By Aaron Farley

I will probably never forget that summer evening standing on a dock on Lake Nottely. The weather was perfect; and the brim were buzzing around the dock like teenage girls waiting to get into a Justin Bieber concert. You could not ask for better conditions to help someone go fishing for the first time. I showed him how to hook worms where they would last as long as possible. There was a quick lesson on how to work an open face reel, and when to flip the bell. I tied a sinker on a few inches up the line from the hook, and he was ready.

From the look in his eyes, you might have guessed he was getting ready to walk out to the half-court line for his once-in-a-lifetime shot for a million dollars at an NBA championship game. To say that he was a ball of nervous excitement would be an understatement. He rolled the reel open and hooked his finger across the string just like I’d shown him, looking at me for the go ahead nod. With a gentle flick of the wrist, he flipped the wormy hook a few feet away from the dock and dropped it to the bottom. He began to tug gently on the line every few seconds, bumping the sinker across the bottom of the lake like a natural.

WHAM! The rod tip began to jerk up and down, and he quickly shifted into a sort of panic. The reel was spinning so fast, he had the little brim firmly plunged into the eye on the rod tip before I could slow him down. After a moment of touchdown style celebration and chest bumps, we let out some line, and he began to take his prized beast off the hook. I let him jerk his hand back from the fish like it was an open flame as many times as I could stand, and then slid the fins down for him and removed the hook with my pliers. Holding the fish in his hand, and trying to hold a massive grin with his face, he proudly posed for me to take a pic with his phone so he could text his mother. He had just caught his first fish, ever.

When I started getting into hunting, I was surprised at how difficult it was to get into “the club” in some respects. Guys tend to guard their spots, secrets, advantages, and resources in fear of losing them. If a guy does not have a father or grandfather to teach him, it can be difficult to learn. Because of the vast amounts of information available today, that wall is quickly getting lower – but it can still be intimidating looking in from the outside. Thankfully, I had a friend who was willing to give away what he had learned. A couple hunting trips in his shadow were extremely helpful to me as a budding woodsman, and still to this day we draw from each other’s experiences and I ask him for advice.

Somewhere along the way, I decided to refuse to be one of the tight lipped. If I could help someone learn about the outdoors that now mean so much to me – I was going to do it. That decision ultimately led me back across the path of a former co-worker who started an outdoors ministry to single parent teenage boys. His organization, Truth In Nature (www.truthinnature.org), takes boys hunting, fishing, camping, canoeing, and much more outdoors. He arranges for them to learn gun safety, archery, survival skills, and to get their hunter’s safety certificate for their state hunting license. Those of us who volunteer are able to work with the teens on these programs and often share these experiences with them for their first time.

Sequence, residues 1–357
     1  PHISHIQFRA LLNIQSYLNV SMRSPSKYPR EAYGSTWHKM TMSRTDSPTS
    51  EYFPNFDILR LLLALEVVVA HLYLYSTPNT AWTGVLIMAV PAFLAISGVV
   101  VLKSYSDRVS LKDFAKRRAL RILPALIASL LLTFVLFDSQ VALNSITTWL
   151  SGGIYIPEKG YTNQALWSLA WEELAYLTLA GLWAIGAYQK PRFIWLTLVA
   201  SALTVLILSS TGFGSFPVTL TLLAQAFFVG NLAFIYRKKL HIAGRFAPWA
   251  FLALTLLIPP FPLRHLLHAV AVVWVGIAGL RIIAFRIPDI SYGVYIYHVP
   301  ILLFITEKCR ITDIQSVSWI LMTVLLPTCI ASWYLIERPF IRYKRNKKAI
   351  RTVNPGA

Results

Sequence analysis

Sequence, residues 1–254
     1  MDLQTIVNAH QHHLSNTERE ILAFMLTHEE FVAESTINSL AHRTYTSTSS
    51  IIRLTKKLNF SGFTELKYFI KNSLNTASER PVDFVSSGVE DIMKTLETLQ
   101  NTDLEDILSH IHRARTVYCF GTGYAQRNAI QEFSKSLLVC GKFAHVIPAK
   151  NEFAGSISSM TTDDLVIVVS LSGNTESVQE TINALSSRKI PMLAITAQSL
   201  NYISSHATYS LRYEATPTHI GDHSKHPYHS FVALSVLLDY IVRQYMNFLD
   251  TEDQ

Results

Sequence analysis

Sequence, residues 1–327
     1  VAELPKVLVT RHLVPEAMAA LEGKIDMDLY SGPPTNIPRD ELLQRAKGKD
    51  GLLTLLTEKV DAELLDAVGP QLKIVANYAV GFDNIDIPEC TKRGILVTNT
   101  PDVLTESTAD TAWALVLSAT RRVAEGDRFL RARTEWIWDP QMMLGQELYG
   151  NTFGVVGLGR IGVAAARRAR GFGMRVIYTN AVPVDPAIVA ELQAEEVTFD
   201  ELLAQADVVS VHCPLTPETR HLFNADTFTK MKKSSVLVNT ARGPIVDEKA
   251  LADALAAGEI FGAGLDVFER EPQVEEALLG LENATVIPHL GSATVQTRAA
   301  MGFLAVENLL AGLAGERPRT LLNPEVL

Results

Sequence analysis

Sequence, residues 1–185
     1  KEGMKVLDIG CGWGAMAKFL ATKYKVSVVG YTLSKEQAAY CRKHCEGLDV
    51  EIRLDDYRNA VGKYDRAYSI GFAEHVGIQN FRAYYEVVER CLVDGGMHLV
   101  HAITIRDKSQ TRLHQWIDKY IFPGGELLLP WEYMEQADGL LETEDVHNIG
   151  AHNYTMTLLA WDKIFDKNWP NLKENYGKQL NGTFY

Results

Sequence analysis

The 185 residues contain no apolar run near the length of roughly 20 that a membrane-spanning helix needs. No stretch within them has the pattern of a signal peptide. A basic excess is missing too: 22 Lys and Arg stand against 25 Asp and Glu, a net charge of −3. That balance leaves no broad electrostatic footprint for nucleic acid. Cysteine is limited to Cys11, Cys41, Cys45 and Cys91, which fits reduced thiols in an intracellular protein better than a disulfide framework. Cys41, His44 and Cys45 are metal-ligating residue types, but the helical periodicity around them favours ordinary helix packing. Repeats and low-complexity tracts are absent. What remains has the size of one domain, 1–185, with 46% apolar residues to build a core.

I have been able to help teens catch their first fish, kill their first squirrel, hunt for the first time, shoot a gun and bow for the first time, and even make a s’more for the first time. Along the way we build relationships with the guys. We are able to help them make wise decisions and talk about the spiritual, emotional, and social issues the young men are facing. I am always amazed at how applicable the disciplines of a hunter/outdoorsman are to life. More than once I have been able to demonstrate patience and stewardship in the woods, only to have a conversation about those same qualities in the cabin that weekend.

Taking someone into the outdoors who is learning definitely has a price. Deer will not usually tolerate the fidgeting and noise that accompany a new hunter. Shot opportunities are lower, and fish hooks buzz by uncomfortably close when there are beginners around. There may be days when I am not seeing deer that I would have seen otherwise, or when the fishing is slower because of the noise. Yet, I find that the more I invest myself into others, the more I get back in return. I have built relationships with people I now consider good friends, and I have been able to talk young men without fathers through issues of being a young man in today’s world. Maybe I have lost a few opportunities here and there, but I have gained back so much more. It seems that while I am trying to give back to the next generation of the hunting community, I am getting more than I can ever give.

Author’s Note: I would encourage you to ask yourself what you may be able to give back to the hunting community. If we don’t build up the future, who will? I try to ask myself, “Am I consuming information and resources without putting anything back in for someone else?” You know what they say about a sponge: If it only absorbs, and is never wrung out – it becomes sour and rotten. Besides, I’ll bet when you find yourself giving back, you’ll actually be getting more too.

– Aaron Farley, RusticMan.com